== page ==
A warm, cozy counterpoint to Karma Wilson and Jane Chapman’s Bear Snores On (2002) but without the “Again! Again!”...

WIDE-AWAKE BEAR

While all bears grow heavy-eyed in the winter, some little cubs—like some little humans—are too anxious to sleep.

Elliott can’t quite catch a wink when his mother bear tells him it’s time to nap until spring. He misses the season too much—and he’s impatient for it to come. He tries again and again to lull himself to sleep (changing his position, fluffing the bark strips, plumping up his pine-needle pillow), but nothing works. He is “Still. Wide. Awake”—a pleasing refrain. When he starts seeing scary shadows, Elliott turns to his mother for comfort. She instructs him to look closer to see the signs of spring. Sure enough, Elliott sees a “brave bud” growing in the snow, and he decides that if spring is asleep, he may as well sleep too. The refrain, poetic imagery, and well-paced sentences make this a smooth read-aloud. Yet it’s a bit too text-heavy—explaining too much at times when the art could do the heavy lifting. Kim’s soft, digitally colored graphite pencil illustrations evoke the comfort of the winter cave. The endpapers, featuring slice-of-life depictions of fall and spring, are a fitting frame.

A warm, cozy counterpoint to Karma Wilson and Jane Chapman’s Bear Snores On (2002) but without the “Again! Again!” readability. (Picture book. 3-6)

Pub Date: Jan. 2, 2018

ISBN: 978-0-06-235603-1

Page Count: 40

Publisher: Harper/HarperCollins

Review Posted Online: Oct. 10, 2017

Kirkus Reviews Issue: Nov. 1, 2017

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A sweet, tender and charming experience to read aloud or together.

HEY, DUCK!

A clueless duckling tries to make a new friend.

He is confused by this peculiar-looking duck, who has a long tail, doesn’t waddle and likes to be alone. No matter how explicitly the creature denies he is a duck and announces that he is a cat, the duckling refuses to acknowledge the facts.  When this creature expresses complete lack of interest in playing puddle stomp, the little ducking goes off and plays on his own. But the cat is not without remorse for rejecting an offered friendship. Of course it all ends happily, with the two new friends enjoying each other’s company. Bramsen employs brief sentences and the simplest of rhymes to tell this slight tale. The two heroes are meticulously drawn with endearing, expressive faces and body language, and their feathers and fur appear textured and touchable. Even the detailed tree bark and grass seem three-dimensional. There are single- and double-page spreads, panels surrounded by white space and circular and oval frames, all in a variety of eye-pleasing juxtapositions. While the initial appeal is solidly visual, young readers will get the gentle message that friendship is not something to take for granted but is to be embraced with open arms—or paws and webbed feet.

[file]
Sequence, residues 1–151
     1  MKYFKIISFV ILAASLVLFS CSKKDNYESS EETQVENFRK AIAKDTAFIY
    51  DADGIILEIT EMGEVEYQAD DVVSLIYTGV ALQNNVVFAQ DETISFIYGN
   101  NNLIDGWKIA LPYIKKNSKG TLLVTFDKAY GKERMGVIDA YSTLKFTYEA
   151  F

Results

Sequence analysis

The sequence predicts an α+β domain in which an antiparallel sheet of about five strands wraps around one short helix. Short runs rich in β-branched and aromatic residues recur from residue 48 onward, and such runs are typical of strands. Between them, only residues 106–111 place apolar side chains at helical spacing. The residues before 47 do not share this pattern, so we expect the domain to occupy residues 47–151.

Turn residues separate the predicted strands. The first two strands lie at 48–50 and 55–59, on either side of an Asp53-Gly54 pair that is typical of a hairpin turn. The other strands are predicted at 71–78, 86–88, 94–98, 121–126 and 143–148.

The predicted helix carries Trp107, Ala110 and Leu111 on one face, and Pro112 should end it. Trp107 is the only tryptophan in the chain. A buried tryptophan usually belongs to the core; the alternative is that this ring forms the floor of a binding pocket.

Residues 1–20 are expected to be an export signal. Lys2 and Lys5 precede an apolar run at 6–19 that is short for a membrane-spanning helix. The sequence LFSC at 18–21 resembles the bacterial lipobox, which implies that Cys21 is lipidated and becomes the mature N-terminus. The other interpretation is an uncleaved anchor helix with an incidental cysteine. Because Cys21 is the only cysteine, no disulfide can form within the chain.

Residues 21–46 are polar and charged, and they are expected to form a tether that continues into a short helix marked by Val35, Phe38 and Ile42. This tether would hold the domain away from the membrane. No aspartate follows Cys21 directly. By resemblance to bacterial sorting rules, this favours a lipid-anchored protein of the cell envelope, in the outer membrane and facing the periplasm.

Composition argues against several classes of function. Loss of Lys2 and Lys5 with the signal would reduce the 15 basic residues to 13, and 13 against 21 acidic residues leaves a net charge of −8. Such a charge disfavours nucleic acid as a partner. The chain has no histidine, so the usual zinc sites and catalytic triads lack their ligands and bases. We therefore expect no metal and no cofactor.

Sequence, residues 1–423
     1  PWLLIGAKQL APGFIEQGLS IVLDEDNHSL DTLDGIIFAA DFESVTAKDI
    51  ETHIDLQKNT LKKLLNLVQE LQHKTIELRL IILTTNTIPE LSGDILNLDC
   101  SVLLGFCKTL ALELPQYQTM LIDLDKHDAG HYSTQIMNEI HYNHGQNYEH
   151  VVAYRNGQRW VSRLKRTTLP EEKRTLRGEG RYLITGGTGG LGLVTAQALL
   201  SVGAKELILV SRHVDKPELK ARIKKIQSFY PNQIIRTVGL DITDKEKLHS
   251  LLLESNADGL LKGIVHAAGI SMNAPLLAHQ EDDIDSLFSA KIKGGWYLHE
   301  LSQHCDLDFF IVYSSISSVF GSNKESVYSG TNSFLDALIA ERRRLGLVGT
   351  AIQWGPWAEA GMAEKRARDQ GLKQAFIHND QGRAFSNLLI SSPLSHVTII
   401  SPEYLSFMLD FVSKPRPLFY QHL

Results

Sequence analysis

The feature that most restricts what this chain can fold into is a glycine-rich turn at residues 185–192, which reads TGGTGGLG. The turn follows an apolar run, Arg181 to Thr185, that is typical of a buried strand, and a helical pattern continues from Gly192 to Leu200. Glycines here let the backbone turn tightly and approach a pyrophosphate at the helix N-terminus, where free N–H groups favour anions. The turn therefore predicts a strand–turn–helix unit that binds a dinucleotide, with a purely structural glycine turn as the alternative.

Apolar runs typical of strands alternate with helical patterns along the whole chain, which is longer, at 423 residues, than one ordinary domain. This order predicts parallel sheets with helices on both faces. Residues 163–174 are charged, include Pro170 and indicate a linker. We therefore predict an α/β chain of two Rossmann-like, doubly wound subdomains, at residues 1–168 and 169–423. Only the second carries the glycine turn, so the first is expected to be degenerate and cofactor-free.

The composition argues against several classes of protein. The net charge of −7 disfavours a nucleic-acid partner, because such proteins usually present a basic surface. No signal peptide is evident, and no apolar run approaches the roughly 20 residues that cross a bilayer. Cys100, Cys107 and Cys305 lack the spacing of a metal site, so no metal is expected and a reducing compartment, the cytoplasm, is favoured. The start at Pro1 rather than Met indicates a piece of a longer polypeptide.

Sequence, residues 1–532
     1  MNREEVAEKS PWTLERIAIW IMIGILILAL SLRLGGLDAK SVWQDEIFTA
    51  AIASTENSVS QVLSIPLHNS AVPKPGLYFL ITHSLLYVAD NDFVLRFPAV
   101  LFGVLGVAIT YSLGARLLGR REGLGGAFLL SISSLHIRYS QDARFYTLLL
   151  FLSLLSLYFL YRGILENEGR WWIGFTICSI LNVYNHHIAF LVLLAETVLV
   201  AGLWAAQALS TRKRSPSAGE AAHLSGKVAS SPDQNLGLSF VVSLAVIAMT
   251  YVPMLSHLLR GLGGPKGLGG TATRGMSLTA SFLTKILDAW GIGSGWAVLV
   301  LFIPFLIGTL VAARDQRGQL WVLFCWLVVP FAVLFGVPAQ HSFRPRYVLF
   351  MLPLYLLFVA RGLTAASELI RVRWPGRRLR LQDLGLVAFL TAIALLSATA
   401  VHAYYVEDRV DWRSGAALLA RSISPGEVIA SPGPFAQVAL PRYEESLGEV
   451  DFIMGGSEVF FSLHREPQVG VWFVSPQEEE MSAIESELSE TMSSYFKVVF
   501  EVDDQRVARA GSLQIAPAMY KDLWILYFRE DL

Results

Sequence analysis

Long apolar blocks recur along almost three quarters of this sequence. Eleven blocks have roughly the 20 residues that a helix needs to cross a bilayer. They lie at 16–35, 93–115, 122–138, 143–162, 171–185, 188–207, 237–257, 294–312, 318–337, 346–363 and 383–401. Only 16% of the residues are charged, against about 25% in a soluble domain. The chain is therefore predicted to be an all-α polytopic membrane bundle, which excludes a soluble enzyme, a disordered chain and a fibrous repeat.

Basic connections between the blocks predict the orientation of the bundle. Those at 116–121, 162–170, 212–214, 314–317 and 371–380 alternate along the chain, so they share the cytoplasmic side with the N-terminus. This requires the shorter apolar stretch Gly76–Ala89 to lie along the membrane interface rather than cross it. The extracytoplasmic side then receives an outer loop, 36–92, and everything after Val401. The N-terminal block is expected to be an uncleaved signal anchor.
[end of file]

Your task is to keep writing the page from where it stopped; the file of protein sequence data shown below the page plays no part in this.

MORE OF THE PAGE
A sweet, tender and charming experience to read aloud or together. (Picture book. 3-6)

Pub Date: Jan. 22, 2013

ISBN: 978-0-375-86990-7

Page Count: 40

Publisher: Random House

Review Posted Online: Nov. 14, 2012

Kirkus Reviews Issue: Dec. 1, 2012

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Uplifting and inspiring of further research.

SEÑORITA MARIPOSA

A bilingual love poem of admiration and respect for the millions of monarch butterflies that journey south to Mexico every year.

From a chrysalis on the title page, Señorita Mariposa invites readers to follow the monarch butterfly as it embarks on a journey spanning thousands of miles, “Over mountains capped with snow… / To the deserts down below.” In the same manner, the monarch butterfly exiting the chrysalis at the end of the book then invites readers to flip back to the beginning and restart the journey. Almada Rivero’s warm and friendly illustrations showcase the various people and animals the monarch encounters in its 3,000-mile journey, including a couple of brown-skinned children who welcome Señorita Mariposa to Mexico as the text reads, “Can’t believe how far you’ve come.” Gundersheimer’s recounting of the lepidoptera’s journey is told in a bilingual poem, English set in a serif type and Spanish set in sans-serif. Like the butterfly traveling south and north, the languages switch prominence, displaying in the larger font the principal—and rhyming—language in each spread. Although at times distracting, this technique is a valiant attempt to give equal importance to each language. Backmatter includes facts on the round trip the butterflies undertake, the “super generation” that makes the trek south, and a call to action to protect the monarchs as they slowly lose their habitats.

Uplifting and inspiring of further research. (Picture book. 3-6)

Pub Date: Aug. 6, 2019

ISBN: 978-1-5247-4070-2

Page Count: 32

Publisher: Nancy Paulsen Books

Review Posted Online: May 26, 2019

Kirkus Reviews Issue: June 15, 2019

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